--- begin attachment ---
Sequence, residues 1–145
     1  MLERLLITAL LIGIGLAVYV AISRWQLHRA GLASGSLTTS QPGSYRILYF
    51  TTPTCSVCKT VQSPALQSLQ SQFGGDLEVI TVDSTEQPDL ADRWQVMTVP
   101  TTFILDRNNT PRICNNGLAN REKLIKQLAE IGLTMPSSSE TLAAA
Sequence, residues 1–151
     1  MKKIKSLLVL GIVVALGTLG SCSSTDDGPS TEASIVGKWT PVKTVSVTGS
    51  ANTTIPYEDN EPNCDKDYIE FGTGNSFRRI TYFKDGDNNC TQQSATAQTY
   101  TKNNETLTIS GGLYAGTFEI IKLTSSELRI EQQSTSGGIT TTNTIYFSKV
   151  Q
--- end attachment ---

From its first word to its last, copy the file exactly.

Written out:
Sequence, residues 1–145
     1  MLERLLITAL LIGIGLAVYV AISRWQLHRA GLASGSLTTS QPGSYRILYF
    51  TTPTCSVCKT VQSPALQSLQ SQFGGDLEVI TVDSTEQPDL ADRWQVMTVP
   101  TTFILDRNNT PRICNNGLAN REKLIKQLAE IGLTMPSSSE TLAAA
Sequence, residues 1–151
     1  MKKIKSLLVL GIVVALGTLG SCSSTDDGPS TEASIVGKWT PVKTVSVTGS
    51  ANTTIPYEDN EPNCDKDYIE FGTGNSFRRI TYFKDGDNNC TQQSATAQTY
   101  TKNNETLTIS GGLYAGTFEI IKLTSSELRI EQQSTSGGIT TTNTIYFSKV
   151  Q